My local Starbucks has a chess board sitting around, so I decided to play against myself. Since this gives me perfect predictive power about what my opponent is going to do, it obviously removes some of the standard elements of Chess, but there was one thing I realized when playing it: Chess is first and foremost about mobilization. That is, you begin with all pieces in play, but since most of them are behind a wall of pawns to start with, they don't immediately threaten your opponent. The way you gain options is by moving them into positions where they can form threats.
On reflection, this is more similar than I'd thought to modern strategy games and their treatment of resource management. Think of Magic, where I've chosen cards to place into my deck - the cards are there, but they're not in a usable state, they're not active threats, until I draw them (and have enough mana available to use them). Even if I play an RTS game, say Starcraft, I have a potential army that becomes realized when I gather enough resources to build it, and the question I constantly have to balance is how long I should spend mustering threats before I try to use them - if I'm playing well, I should attack as soon as I think I have a force my opponent won't be able to defend against. This is the same kind of strategy I'm using in Chess - I'm trying to move my units into a position from which they can simultaneously threaten my opponent, and as soon as I think I can launch an attack my opponent can't defend against, I will.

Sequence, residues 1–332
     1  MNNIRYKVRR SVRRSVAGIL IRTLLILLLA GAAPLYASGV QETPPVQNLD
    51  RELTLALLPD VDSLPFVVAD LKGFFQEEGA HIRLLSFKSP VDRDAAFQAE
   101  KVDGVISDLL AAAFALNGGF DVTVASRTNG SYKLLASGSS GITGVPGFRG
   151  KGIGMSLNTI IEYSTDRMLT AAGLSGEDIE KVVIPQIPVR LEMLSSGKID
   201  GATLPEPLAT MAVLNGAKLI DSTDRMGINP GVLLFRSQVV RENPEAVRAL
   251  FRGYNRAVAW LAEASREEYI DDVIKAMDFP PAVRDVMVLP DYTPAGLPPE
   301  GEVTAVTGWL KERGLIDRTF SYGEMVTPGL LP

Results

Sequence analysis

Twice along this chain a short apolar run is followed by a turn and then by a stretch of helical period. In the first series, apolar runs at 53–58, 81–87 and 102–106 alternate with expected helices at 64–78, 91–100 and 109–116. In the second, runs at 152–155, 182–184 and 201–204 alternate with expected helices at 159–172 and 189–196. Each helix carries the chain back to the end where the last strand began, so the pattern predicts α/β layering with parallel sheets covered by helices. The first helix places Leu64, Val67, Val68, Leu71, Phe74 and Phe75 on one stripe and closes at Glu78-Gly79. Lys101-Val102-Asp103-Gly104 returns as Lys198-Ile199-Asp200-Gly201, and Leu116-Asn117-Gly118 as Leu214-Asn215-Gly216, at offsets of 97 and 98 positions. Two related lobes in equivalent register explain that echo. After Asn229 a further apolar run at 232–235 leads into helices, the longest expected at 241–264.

So revelation of the day: mobilizing units and building them are, from the perspective of their impact on strategy, extremely similar (as long as it takes a similar amount of effort). The big difference, of course, is that my units can still be used to defend in many situations before I've moved them at all. If you like, however, you can imagine these situations as my opponent bringing the units into play (like if my opponent plays a card that results in me drawing new cards, or allows me to respond by playing one). It also suggests a certain consistency between the way classic and modern games conceive of strategy.
Just thought that was interesting.